-A sailor crossing the equator.
-A grandmother on her way to see her grandchildren.
-A gloomy strider in ragged clothes, with a staff in his hand.
-A group of adventurers: a mage, a thief, and a warrior.
-An entomologist on a field trip.

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Make a list of at least 15 different types of people that would fit into the character that you chose, and then decide which type you will use for your shot.

Step 2: Imagine your character

Imagine your persona doing some mundane things, something that each and every person does on a daily basis. What does their desk look like? How do they water the flowers? What would their birthday cake look like?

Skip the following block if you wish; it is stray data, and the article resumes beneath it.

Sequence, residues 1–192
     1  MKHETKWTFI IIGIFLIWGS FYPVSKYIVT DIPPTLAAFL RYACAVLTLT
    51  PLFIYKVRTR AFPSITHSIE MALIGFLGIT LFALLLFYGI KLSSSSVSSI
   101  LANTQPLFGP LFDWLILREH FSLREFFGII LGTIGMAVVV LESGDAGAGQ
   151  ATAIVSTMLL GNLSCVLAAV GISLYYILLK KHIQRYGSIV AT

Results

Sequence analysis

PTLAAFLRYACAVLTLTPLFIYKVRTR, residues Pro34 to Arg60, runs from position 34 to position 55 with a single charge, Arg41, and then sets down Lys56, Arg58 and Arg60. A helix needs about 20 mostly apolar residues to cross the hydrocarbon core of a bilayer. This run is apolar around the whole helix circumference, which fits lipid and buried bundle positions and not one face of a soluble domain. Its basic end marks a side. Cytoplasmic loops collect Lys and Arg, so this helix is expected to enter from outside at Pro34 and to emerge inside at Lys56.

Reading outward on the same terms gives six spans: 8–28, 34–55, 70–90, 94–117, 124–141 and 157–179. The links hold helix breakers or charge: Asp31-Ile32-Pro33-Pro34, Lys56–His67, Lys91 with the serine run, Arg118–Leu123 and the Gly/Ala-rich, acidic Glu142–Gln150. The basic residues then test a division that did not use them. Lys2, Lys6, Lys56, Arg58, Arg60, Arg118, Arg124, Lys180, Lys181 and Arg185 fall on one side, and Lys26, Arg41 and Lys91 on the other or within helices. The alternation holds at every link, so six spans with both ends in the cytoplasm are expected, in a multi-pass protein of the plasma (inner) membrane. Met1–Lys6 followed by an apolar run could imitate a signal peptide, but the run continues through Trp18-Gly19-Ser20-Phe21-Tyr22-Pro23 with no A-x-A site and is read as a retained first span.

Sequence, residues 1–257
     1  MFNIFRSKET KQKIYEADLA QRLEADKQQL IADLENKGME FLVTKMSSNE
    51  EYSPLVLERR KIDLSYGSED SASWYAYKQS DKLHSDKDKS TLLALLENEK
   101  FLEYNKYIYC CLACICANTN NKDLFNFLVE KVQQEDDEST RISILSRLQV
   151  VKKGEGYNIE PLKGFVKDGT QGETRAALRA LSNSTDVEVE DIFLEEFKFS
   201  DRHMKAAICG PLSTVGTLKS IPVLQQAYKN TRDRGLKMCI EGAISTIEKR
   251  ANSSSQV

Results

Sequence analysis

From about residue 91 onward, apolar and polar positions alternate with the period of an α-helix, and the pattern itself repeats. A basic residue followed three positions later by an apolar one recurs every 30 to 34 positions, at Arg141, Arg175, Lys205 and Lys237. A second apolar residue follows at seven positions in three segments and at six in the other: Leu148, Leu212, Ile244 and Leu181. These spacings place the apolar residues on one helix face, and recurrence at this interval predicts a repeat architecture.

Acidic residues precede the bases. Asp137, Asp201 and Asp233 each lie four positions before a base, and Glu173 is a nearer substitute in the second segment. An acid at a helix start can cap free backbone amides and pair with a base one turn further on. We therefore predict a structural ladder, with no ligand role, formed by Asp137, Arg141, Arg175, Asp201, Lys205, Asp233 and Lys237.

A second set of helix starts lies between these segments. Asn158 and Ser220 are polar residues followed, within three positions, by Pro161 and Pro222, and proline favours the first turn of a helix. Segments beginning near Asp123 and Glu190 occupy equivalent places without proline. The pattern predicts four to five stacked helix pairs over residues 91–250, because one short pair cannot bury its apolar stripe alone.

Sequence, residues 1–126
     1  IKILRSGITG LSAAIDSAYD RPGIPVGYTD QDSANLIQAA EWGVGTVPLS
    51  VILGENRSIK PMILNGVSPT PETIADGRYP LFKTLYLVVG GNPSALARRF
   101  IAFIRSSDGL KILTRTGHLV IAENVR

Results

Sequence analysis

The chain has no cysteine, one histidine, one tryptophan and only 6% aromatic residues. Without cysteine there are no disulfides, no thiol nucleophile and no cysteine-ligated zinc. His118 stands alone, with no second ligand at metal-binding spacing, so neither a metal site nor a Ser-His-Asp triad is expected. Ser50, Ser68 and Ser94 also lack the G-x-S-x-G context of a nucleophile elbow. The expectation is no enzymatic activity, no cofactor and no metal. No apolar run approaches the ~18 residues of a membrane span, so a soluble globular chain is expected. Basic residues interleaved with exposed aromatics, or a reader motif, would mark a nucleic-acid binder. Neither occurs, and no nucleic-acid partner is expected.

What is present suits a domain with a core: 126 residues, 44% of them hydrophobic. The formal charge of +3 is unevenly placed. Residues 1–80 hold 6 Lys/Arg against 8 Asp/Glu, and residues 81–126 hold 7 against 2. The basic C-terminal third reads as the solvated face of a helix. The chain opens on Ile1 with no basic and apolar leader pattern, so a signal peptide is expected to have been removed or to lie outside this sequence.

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How, for example, do they drink their tea? A painter drinks tea and then accidentally puts their brushes in the cup. An astronomer drinks their tea and sees the stars reflecting in it. A steelworker uses a gas burner to boil the water for their tea. Imagine your person in an ordinary setting and see what happens.

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Now let’s get back to our traveler. A tourist might snack on some chips, a lost cowboy on the last piece of horse jerky, a seafarer would gnaw on lemons to prevent scurvy, while a Soviet geologist might struggle to open a can of fish with a knife.

Brainstorm some simple settings and pick the one you can bring to life right now.

Step 3: Visualize the details

Now is the time to ask yourself the most important question: how can we visualize our character? Which items are directly connected to them?